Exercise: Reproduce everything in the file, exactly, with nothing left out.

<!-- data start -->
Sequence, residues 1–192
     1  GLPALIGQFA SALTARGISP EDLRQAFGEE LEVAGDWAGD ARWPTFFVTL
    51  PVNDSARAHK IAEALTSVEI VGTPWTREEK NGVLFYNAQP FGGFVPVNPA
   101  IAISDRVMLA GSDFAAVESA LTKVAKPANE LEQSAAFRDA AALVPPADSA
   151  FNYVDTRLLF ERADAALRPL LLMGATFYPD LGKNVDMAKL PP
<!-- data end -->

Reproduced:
Sequence, residues 1–192
     1  GLPALIGQFA SALTARGISP EDLRQAFGEE LEVAGDWAGD ARWPTFFVTL
    51  PVNDSARAHK IAEALTSVEI VGTPWTREEK NGVLFYNAQP FGGFVPVNPA
   101  IAISDRVMLA GSDFAAVESA LTKVAKPANE LEQSAAFRDA AALVPPADSA
   151  FNYVDTRLLF ERADAALRPL LLMGATFYPD LGKNVDMAKL PP